of their time fostering relationships than scrambling for new
Essentials of Relationship Marketing
In order to make relationship marketing workable, service
companies need to do the following:
1. Identify the need for relationships in different areas of
business operations.
2. Collect data and information relating to the prospects.
3. Carefully scrutinize the list of prospects.
4. Design programmes for building relationships.
5. Develop plans for approach and reapproach.
6. Develop packages for maintaining relationships.
7. Develop packages for enhancing relationships.
8. Train personnel in relationship marketing.
9. Design the system, infrastructure and support services that
facilitate relationships.
10. Execute the programme.
11. Design a feedback system.
12. Collect feedback and make necessary improvements.
Relationship Marketing Strategies – Customer
• The trend in marketing towards building relationships with
customers continues to grow and marketers have become
increasingly interested in retaining customers over the long
• Companies do spend a lot of money through different media to
attract new customers to the business.
• Attracting new customers requires substantial skill and effort.
• However, these skillful efforts will be of little use if the
company suffers from high customer churn(gaining new
customers only to lose many of them).
• Unless organisations pursue customer retention strategies, the
problem cannot be solved.
• Every company needs to define and measure its retention rate.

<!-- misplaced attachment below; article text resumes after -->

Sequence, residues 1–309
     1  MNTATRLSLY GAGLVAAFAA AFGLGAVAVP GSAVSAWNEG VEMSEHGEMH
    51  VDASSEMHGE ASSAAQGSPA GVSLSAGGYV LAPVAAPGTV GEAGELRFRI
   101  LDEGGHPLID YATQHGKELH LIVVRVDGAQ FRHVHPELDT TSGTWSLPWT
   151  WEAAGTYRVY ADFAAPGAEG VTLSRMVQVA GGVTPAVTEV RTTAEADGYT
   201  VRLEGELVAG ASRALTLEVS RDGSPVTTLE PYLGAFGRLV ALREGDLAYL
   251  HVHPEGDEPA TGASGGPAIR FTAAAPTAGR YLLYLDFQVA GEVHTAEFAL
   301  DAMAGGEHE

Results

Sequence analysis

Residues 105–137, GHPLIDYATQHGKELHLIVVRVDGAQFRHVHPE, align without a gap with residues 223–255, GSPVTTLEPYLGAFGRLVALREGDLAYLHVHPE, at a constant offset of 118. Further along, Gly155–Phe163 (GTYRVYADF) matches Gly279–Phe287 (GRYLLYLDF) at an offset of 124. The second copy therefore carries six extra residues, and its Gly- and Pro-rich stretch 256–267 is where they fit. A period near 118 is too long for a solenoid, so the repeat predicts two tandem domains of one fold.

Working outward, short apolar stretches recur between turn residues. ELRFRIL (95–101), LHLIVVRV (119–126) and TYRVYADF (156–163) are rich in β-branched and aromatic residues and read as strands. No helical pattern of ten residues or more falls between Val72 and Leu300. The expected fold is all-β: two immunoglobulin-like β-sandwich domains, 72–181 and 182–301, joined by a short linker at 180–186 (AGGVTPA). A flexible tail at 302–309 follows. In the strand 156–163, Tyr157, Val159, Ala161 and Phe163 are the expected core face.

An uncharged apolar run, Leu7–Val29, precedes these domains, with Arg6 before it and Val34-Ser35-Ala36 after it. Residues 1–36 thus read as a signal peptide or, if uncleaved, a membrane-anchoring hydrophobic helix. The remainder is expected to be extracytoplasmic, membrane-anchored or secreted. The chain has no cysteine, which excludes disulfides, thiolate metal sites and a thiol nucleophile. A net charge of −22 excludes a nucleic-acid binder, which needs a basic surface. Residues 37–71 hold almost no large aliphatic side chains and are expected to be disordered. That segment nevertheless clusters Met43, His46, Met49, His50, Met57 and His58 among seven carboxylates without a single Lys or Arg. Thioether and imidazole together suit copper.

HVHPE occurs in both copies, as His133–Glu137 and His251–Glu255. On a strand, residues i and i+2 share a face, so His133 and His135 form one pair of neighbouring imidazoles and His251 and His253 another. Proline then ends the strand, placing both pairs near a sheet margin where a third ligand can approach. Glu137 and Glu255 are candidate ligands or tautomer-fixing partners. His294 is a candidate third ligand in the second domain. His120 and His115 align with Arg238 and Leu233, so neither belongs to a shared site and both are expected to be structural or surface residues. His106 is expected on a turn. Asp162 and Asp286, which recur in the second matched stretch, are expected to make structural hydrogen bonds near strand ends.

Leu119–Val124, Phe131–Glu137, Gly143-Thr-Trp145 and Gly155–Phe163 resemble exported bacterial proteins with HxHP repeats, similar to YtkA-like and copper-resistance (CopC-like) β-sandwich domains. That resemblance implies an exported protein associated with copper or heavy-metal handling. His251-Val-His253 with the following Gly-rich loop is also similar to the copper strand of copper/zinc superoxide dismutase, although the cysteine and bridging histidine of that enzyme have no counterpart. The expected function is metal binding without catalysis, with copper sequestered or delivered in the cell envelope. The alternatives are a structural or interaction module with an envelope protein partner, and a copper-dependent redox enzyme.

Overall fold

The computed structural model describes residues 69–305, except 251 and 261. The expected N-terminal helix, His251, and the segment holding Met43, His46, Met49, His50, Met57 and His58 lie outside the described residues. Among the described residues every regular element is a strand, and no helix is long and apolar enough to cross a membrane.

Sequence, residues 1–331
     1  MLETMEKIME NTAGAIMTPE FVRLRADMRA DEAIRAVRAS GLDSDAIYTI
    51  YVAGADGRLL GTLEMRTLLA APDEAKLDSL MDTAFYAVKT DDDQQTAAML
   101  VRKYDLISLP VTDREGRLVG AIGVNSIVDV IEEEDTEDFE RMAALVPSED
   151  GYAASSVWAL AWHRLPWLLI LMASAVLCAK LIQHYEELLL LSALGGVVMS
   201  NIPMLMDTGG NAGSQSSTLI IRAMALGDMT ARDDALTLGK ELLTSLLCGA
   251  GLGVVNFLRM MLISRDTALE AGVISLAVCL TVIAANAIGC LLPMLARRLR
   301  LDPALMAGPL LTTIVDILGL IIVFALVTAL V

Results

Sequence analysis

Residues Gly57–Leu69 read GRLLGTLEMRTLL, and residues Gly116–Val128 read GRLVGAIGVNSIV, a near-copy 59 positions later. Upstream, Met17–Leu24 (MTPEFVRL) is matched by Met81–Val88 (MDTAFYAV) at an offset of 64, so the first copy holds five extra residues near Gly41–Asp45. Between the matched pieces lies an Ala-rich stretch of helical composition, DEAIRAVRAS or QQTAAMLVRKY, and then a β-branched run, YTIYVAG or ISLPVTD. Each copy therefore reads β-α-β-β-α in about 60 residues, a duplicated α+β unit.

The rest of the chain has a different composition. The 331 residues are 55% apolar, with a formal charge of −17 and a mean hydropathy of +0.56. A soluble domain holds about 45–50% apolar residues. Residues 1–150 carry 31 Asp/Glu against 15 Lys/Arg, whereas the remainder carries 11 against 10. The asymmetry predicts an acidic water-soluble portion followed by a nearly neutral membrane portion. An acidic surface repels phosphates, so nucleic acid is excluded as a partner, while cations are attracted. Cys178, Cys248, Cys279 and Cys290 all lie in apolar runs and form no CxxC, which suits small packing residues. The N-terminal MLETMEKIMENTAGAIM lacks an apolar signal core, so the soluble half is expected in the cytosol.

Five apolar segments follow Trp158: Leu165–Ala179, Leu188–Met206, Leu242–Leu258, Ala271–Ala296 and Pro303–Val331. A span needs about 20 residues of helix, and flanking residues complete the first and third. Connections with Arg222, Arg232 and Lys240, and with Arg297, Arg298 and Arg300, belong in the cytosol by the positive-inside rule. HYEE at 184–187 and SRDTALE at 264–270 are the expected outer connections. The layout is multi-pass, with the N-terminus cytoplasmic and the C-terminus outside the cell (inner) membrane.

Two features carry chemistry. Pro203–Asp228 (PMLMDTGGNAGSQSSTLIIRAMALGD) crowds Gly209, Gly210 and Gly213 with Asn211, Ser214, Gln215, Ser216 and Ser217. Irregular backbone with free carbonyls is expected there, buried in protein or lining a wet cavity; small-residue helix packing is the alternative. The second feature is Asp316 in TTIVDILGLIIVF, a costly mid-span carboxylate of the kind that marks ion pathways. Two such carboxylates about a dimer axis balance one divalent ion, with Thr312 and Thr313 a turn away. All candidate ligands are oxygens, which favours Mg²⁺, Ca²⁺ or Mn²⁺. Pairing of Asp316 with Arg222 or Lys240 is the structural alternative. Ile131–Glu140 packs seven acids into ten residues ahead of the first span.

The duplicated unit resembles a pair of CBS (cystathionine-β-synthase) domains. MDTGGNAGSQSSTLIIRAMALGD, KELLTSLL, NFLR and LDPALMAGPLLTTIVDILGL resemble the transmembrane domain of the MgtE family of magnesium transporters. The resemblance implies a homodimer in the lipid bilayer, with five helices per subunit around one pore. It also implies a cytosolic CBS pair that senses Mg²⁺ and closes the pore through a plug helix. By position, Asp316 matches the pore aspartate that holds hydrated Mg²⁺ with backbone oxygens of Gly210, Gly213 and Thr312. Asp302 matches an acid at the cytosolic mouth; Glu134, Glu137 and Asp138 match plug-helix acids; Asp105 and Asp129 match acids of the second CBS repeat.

• Each company must also the distinguish the reasons for losing
customers and identify those causes that can be managed
• It is important to know how much loss the company makes
when it loses customers.
• The key to customer retention is to offer continuous
satisfaction to customers. According to Philip Kotler, a highly
satisfied customer
1. Stays loyal longer.
2. Buys more as the company introduces new products and
upgrades existing products.
3. Talks favorably about the company and its products.
4. Pays less attention to competing brands and advertising and is
less sensitive to price.
5. Offers product or service ideas to the company.
6. Costs less to serve than making new customers because
transactions take place in a routine manner.
• It is necessary, therefore, to measure customer satisfaction
regularly by surveying the customers to know whether they are
highly satisfied, satisfied, indifferent, dissatisfied or highly
• Customer complaints are one of the important sources to track
the level of customer satisfaction.
• The speed and manner in which the company responds to the
complaints made by the customers makes a vast difference in
consumer perceptions.
• Customers who had complained to an organization and have
had their complaints satisfactorily resolved, usually tell an
average of five people about the good treatment they received.